a, Three auditory features computed on renditions of syllable b. This panel uses the same embedding as in Fig. 2a, but with different colours. b, Across-day change in vocalizations. This is a magnified cutout from the bottom left region of the dashed outline of Fig. 2a. The colours differ from Fig. 2a, and points from days 50–56 only are shown. c, Within-day change in vocalizations. Points from b are shown separately for three individual days and coloured according to production time within the day (early to late). Vocalizations change within a day: early vocalizations (dark green) are more similar to vocalizations from previous days (dark green points in b); late vocalizations (light blue) are more similar to vocalizations from future days (light blue in b). d, t-SNE visualizations for dense recordings from three birds (analogous to Fig. 2a). e–g, Illustration of a fictitious behaviour that undergoes distinct phases of abrupt change, no change and gradual change, and the identification of these phases on the basis of nearest-neighbour graphs. e, A low-dimensional representation of the behaviour. Each point corresponds to a behavioural rendition (for example, a syllable rendition) and is coloured according to production time. Similar renditions (for example, syllable renditions with similar spectrograms) appear near each other in this representation. The dotted ellipses mark three subsets of points corresponding to: (1) a phase of abrupt change; (2) a phase of no change; and (3) a phase of gradual change. f, Nearest-neighbour graphs for the three subsets of points in e. Points are replotted from e with different symbols, indicating whether their production times fall within the first half (squares) or second half (crosses) of the corresponding subset. Edges connect each point to its five nearest neighbours. The edge colour marks neighbouring pairs of points falling into the same (black) or different (red) halves. Relative counts of within- and across-half edges differ according to the nature of the underlying behavioural change (histograms of edge counts). If an abrupt change in behaviour occurs between the first and second half, nearest neighbours of points in one half will all be points from the same half, and none from the other half (discontinuity). When behaviour is stationary, the neighbourhoods are maximally mixed: that is, every point has about an equal number of neighbours from the two halves. Phases of gradual change result in intermediate levels of mixing. g, Mixing matrix for the simulated data in e, analogous to Fig. 2e. Each location in the matrix corresponds to a pair of production times. Strong mixing (white) indicates a large number of nearest-neighbour edges across the two corresponding production times (as in f; stationary) and thus similar behaviour at the two times. Weak mixing (black) indicates a small number of such edges (as in f; discontinuity), and thus dissimilar behaviour. Note that such statistics on the composition of local neighbourhoods can be computed for any kind of behaviour and are invariant with respect to transformations of the data that preserve nearest neighbours, such as scaling, translation and rotation. These properties make nearest-neighbour approaches highly general.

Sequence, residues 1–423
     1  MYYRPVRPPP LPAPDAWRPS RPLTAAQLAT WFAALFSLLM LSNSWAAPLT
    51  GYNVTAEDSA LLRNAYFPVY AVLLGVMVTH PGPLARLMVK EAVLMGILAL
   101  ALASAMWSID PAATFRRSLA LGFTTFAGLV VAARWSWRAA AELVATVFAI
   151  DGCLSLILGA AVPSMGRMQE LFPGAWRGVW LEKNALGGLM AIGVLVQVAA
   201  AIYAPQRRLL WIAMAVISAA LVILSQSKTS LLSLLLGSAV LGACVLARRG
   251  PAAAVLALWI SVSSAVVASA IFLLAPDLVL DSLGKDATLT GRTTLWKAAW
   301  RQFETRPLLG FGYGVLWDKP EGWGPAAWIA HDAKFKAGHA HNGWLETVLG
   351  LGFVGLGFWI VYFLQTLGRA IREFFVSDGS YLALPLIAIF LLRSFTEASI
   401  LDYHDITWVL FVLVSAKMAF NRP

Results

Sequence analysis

a, The four nearest neighbours for example vocalizations (bird 4, syllable b, from Fig. 1a). Production times of nearest neighbours (numbers) need not equal that of the corresponding example rendition. b, Neighbourhood production times for three renditions from day 70 (analogous to Fig. 2a, inset). Rendition 2 is ‘typical’ for day 70 (most neighbours lie in the same or adjacent days); renditions 1 and 3 are a ‘regression’ and an ‘anticipation’ (with neighbours predominantly produced in the past or future, respectively). c, All renditions from day 70 (a subset of the points in Fig. 2a). Colours correspond to repertoire time (50th percentile in Fig. 2d). Anticipations (repertoire times greater than 70) and regressions (repertoire times less than 70) occur at locations corresponding to vocalizations typical of later and earlier development (compare with Fig. 2a). Numbers 1–3 mark the approximate locations of the example renditions in b. d, Mixing matrices for additional birds (analogous to Fig. 2e, using the same birds as in Extended Data Fig. 2d). Bird 3 produced only a very few vocalizations (mostly calls) before tutoring onset (black arrows). The mixing matrices consistently show a period of gradual change starting after tutor onset and lasting several weeks. This gradual change typically slows down (resulting in larger mixing values far from the diagonal) at the end of the developmental period considered here (day 90 post-hatch; later periods are in Extended Data Fig. 6). Grey values correspond to the base-2 logarithm of the mixing ratio (LMR), that is, histograms over the pooled neighbourhood times (Fig. 2c) normalized by a null hypothesis obtained from a random distribution of production times (see Supplementary Methods). For example, an LMR value of 5 implies that renditions from the corresponding pair of production times are 25 = 32 times more mixed at the level of local neighbourhoods than would be expected by chance (that is, there is a random distribution of production times across renditions). e, As in d, bird 2, but after shuffling production times among all data points. Effects under this null hypothesis are small (the maximal observed mixing ratio is 20.06 or approximately 1.042). Similar, small effects under the null hypothesis are obtained for the other mixing matrices discussed throughout the text. f–h, Properties of the behavioural trajectory inferred from the mixing matrix in Fig. 2f. f, Pairwise distances between points along the inferred behavioural trajectory (x axis), plotted against measured disparities (y axis). Disparities are obtained by rescaling and inverting the similarities in Fig. 2f (see Supplementary Methods). The points on the trajectory are inferred with ten-dimensional non-metric MDS on the measured disparities. Importantly, the pairwise distances between inferred points faithfully represent the corresponding, measured disparities (all points lie close to the diagonal; MDS stress = 0.0002). g, h, Structure of low-dimensional projections of the behavioural trajectory. We applied principle-component analysis to the ten-dimensional arrangement of points inferred with MDS and retained an increasing number of dimensions (number of dimensions indicated by greyscale). For example, the projection onto the first two principle components is shown in Fig. 2h (MDS dimension 2 in g, h). The first two principle components explain 75% of the variance in the full ten-dimensional trajectory. g, Measured (true) disparity (thick grey curve) and distances along the inferred trajectories (points and thin curves) as a function of the day gap (δ) between points. For any choice of projection dimensionality and δ, we computed the Euclidean distances between any two points separated by δ and averaged across pairs of points. The measured (true) disparities increase rapidly between subsequent and nearby days, but only slowly between far apart days (thick grey curve). Low-dimensional projections of the trajectory (for example, MDS dimension 2) underestimate the initial increase in disparities. h, Angle between the reconstructed direction of across-day change for inferred behavioural trajectories, as a function of the day gap between points. Same conventions and legend as in g. For the one- and two-dimensional trajectories, the direction of across-day change varies little or not at all from day to day (see inset; the arrow indicates the angle of across-day change). On the other hand, the direction of across-day change along the full, ten-dimensional behavioural trajectory is almost orthogonal for subsequent days. Data shown in g, h suggest that the full behavioural trajectory is more ‘rugged’ than indicated by the two-dimensional projection in Fig. 2h. This structure is consistent with the finding that across-day change includes a large component that is orthogonal to the directions of slow change and of within-day change (Fig. 3j). Note that a shows 200-ms spectrogram segments, whereas b–h are based on 68-ms segments (as are most of the analyses).